The following is an excerpt from a 1946 pamphlet dedicated to the Public Schools of North Carolina by the Anson Chapter, United Daughters of the Confederacy in honor of its author, Dr. Henry Tucker Graham of Florence, South Carolina. Dr. Graham was the former president of Hampton-Sidney College and for twenty years the beloved pastor of the First Presbyterian Church of Florence, South Carolina. Not noted below is the initial Stamp Act resistance at Wilmington, North Carolina in November 1765.
Bernhard Thuersam, www.Circa1865.com The Great American Political Divide
The North Busy Rewriting History
“There is grave danger that our school children are learning much more about Massachusetts than about the Carolinas, and hearing more often of northern leaders than of the splendid men who led the Southern hosts alike in peace and war. Not many years ago the High School in an important South Carolina town devoted much time to the celebration of Lincoln’s Birthday — while Lee, Jackson, Hampton and George Washington received no mention.
You have all heard of Paul Revere’s ride made famous by the skillful pen of a New England writer. He rode 7 miles out of Boston, ran into a squadron of British horsemen and was back in a British dungeon before daybreak. But how many of you have heard of Jack Jouitte’s successful and daring ride of forty miles from a wayside tavern to Charlottesville to warn Governor [Thomas] Jefferson and the Legislature of the coming of a British squadron bent upon their capture?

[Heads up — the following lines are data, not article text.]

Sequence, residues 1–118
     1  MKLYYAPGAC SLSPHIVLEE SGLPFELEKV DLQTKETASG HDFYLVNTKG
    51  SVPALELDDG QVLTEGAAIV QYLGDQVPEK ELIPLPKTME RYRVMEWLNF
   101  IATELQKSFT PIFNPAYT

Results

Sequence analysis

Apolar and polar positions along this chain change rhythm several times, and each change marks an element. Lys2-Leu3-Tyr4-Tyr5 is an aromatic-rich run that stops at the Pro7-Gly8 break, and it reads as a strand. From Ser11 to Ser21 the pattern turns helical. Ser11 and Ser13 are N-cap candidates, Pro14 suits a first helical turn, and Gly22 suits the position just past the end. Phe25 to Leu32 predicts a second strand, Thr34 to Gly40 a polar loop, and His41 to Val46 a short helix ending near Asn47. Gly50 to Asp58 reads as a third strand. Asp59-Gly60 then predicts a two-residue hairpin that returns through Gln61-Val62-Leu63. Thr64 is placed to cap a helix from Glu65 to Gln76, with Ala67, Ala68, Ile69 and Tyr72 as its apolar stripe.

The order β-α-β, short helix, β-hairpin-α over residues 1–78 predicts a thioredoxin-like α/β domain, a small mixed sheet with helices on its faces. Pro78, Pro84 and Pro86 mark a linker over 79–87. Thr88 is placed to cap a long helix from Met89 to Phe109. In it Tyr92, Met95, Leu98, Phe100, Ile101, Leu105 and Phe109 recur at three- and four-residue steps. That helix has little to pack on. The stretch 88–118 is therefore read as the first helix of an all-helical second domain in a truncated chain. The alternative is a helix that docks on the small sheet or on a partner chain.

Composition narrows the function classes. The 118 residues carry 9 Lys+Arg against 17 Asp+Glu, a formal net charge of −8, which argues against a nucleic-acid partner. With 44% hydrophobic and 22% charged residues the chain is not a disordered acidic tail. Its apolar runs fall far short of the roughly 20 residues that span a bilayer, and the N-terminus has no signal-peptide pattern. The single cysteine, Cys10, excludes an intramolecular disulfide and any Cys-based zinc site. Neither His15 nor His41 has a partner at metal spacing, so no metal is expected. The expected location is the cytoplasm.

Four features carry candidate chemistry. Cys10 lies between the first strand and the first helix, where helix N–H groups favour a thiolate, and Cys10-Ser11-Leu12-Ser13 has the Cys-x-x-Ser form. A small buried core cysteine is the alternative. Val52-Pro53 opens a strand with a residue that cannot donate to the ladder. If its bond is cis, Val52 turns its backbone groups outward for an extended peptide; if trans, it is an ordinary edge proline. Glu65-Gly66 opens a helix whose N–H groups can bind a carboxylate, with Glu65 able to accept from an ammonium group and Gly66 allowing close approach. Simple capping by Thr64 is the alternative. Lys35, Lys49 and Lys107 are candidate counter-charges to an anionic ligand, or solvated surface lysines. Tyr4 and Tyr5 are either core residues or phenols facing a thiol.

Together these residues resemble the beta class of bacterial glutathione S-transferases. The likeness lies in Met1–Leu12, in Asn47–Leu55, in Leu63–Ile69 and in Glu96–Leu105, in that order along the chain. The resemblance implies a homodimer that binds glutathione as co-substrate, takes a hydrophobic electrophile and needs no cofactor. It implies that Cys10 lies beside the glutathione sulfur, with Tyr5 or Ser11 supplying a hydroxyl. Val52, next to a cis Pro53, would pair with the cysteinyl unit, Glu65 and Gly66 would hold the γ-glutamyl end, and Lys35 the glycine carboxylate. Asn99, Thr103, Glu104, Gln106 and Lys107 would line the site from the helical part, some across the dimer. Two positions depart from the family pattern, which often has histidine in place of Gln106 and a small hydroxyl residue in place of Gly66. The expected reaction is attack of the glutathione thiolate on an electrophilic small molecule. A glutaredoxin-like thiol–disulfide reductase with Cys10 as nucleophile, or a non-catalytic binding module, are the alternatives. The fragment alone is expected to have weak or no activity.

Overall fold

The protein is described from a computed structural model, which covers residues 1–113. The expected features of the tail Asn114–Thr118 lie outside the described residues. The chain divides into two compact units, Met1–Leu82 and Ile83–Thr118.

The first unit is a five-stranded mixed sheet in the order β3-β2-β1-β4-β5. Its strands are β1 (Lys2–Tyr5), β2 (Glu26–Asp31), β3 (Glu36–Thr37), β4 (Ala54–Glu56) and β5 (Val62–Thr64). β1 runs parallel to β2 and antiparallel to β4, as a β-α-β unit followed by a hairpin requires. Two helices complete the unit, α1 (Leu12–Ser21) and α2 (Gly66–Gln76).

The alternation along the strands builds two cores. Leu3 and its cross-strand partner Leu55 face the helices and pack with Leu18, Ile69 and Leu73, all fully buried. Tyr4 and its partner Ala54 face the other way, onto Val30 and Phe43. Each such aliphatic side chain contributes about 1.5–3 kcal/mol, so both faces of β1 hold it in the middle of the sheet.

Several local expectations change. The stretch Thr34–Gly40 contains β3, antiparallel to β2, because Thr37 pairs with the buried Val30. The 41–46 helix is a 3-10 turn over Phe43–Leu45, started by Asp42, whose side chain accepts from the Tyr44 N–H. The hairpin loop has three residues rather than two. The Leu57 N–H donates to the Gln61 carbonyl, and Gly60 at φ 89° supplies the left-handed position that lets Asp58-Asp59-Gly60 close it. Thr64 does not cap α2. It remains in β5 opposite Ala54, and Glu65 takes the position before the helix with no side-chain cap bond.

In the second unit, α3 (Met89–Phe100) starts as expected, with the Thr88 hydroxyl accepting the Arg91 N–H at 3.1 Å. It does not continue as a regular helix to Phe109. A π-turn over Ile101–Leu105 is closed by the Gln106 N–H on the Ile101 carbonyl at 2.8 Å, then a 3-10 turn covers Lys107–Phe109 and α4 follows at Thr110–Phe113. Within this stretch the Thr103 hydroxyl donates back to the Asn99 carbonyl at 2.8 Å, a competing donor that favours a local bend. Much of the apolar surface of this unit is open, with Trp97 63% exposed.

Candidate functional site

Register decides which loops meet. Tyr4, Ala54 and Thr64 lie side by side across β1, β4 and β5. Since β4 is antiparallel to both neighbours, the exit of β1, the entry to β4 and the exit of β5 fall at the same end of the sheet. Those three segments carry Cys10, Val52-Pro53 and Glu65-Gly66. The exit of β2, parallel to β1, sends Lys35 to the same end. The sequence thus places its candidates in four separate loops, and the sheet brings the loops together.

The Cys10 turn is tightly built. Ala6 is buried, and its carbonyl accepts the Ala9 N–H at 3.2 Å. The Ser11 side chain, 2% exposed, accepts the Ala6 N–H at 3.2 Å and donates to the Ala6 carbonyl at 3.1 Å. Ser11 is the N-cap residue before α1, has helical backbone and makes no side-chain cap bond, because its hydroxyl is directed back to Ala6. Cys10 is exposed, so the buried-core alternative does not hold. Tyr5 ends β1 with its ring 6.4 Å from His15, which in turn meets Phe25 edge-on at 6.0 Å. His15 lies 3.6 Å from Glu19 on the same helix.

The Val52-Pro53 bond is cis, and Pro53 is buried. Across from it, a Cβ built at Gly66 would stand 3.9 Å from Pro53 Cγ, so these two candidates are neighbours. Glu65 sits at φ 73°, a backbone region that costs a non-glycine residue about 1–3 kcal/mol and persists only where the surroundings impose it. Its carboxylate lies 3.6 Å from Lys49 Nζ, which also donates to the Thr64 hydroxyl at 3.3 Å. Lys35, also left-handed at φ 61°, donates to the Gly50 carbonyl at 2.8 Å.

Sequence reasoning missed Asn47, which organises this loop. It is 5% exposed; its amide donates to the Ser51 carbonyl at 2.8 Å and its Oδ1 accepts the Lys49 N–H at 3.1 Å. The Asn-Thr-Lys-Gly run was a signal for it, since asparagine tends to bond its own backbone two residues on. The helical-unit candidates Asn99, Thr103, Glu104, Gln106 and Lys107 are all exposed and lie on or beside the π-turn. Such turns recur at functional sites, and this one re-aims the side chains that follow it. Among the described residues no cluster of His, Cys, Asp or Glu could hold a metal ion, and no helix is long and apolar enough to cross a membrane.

You have heard of the Boston Tea Party, but how many know of the Wilmington, North Carolina Tea Party [of 1774]? At Boston they disguised themselves as Indians and under cover of darkness threw tea overboard. At Wilmington they did the same thing without disguise and in broad daylight.
With the utter disregard of the facts they blandly claim that the republic was founded at Plymouth Rock while all informed persons know that Plymouth was 13-1/2 years behind the times, and when its colony was reduced to a handful of half-starved immigrants on the bleak shores of Massachusetts, there was a prosperous colony of 2,000 people along the James [River] under the sunlit skies of the South.
The fact is that New England has been so busy writing history that it hasn’t had time to make it. While the South has been so busy making history that it hasn’t had time to write it.”
(Some Things For Which The South Did Not Fight, in the War Between the States.” Dr. Henry Tucker Graham, Pamphlet of Anson County, North Carolina Chapter UDC, 1946)